Myasthenia Gravis News

Reviewed by: HU Medical Review Board | Last reviewed: August 2020

Doctors are learning more about myasthenia gravis (MG) every day. When news about new treatments and new understanding about MG appears, will update you on this page.

2020 news

Health Union launches new site for myasthenia gravis

Health Union has launched Navigating Life with Myasthenia Gravis, a new place for people living with MG. The site will build over the coming months to include a community where people can connect to others with MG and find medically accurate information. For now, you can help us build this community by following us on Facebook.

Living with MG can be challenging. It is our goal to help you make your life better by providing relevant and timely health information, and meaningful connections to other people with myasthenia gravis.

Study finds protein that predicts MG severity

A recent study from Japan found that levels of a certain protein in the blood may predict the severity of someone’s myasthenia gravis. The protein is called suPAR, which stands for soluble urokinase plasminogen activator receptor. The study suggests that if people with AChR-positive MG have higher levels of suPAR in their blood they may develop more severe disease. More studies need to be done to confirm these results because this study included such a small number of people.1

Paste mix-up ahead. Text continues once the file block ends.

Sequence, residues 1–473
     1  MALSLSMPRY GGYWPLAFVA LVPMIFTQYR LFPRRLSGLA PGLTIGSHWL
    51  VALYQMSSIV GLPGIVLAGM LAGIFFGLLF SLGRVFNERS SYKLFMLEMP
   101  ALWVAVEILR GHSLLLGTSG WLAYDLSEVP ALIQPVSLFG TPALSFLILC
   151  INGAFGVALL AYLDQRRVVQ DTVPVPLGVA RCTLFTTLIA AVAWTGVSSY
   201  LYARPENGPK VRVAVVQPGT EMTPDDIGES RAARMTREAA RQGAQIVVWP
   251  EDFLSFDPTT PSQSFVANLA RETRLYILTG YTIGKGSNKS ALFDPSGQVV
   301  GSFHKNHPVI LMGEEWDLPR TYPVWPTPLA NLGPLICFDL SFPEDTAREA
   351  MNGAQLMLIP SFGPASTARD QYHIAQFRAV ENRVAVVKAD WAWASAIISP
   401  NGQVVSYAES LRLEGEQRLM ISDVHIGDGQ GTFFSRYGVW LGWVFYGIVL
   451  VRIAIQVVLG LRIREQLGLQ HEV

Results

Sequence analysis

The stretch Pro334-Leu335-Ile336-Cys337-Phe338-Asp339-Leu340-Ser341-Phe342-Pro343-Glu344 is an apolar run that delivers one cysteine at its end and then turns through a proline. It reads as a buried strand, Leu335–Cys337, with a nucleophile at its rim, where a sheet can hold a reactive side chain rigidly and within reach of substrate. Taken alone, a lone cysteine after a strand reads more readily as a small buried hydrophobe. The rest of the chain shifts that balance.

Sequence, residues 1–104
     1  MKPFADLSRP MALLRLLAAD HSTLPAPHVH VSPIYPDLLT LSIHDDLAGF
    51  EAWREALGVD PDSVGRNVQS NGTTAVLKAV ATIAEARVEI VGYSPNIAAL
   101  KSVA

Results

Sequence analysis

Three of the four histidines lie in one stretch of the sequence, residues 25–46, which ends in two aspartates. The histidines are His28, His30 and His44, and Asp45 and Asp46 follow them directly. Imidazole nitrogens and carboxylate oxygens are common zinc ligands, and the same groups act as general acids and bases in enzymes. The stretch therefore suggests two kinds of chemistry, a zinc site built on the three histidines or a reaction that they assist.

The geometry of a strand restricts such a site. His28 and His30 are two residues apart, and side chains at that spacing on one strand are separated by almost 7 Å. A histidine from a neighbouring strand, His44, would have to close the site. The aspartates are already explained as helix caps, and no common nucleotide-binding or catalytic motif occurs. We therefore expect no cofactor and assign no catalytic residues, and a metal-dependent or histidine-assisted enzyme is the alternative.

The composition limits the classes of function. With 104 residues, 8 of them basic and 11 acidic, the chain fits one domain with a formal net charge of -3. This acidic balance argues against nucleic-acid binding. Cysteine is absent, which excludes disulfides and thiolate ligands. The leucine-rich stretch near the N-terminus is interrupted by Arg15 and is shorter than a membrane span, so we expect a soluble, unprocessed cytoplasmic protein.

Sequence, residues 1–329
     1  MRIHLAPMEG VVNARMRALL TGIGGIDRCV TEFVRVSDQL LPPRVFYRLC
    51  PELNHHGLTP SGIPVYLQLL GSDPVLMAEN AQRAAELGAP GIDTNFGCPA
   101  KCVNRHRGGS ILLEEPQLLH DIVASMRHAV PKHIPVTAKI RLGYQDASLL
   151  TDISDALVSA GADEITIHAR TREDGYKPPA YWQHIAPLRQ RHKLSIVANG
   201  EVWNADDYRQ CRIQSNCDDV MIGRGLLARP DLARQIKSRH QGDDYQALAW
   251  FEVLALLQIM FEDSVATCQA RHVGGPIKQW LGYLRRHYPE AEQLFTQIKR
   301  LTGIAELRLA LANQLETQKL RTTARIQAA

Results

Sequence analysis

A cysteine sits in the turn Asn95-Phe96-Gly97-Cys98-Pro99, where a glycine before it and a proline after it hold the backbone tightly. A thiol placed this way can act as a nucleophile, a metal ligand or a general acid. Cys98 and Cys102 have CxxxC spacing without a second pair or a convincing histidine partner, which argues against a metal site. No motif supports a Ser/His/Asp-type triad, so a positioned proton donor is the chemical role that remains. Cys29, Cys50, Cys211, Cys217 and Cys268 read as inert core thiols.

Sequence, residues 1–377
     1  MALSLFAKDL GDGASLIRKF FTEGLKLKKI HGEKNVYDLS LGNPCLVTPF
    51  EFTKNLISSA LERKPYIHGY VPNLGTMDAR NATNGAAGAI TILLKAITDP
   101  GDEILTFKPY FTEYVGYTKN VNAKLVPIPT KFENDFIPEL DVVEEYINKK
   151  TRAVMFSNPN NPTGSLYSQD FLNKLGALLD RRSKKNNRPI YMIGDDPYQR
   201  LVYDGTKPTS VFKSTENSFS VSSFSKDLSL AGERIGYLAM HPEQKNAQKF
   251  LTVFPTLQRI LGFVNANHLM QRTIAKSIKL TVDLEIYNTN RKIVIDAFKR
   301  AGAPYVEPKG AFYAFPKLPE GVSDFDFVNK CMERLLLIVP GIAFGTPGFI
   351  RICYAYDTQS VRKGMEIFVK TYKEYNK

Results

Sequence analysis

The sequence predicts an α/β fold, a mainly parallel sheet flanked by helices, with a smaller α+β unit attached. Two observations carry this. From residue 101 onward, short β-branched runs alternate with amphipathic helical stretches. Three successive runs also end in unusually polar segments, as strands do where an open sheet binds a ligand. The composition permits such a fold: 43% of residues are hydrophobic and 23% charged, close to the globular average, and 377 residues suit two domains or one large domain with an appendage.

COVID-19 may make myasthenia gravis worse

A new study found that being infected with COVID-19 can make the symptoms of myasthenia gravis worse. The virus may cause the disease to progress more quickly and may make people with MG more likely to get to other infections. This is an important finding because people with MG use immunosuppressants to control their symptoms, and these drugs also make them more likely to get to infections.2

MGFA’s 2020 virtual conference available online

Learn more about MG and the latest research into the condition. The Myasthenia Gravis Foundation of America has posted recordings of presentations from its 2020 annual meeting. You must register to listen to the presentations.

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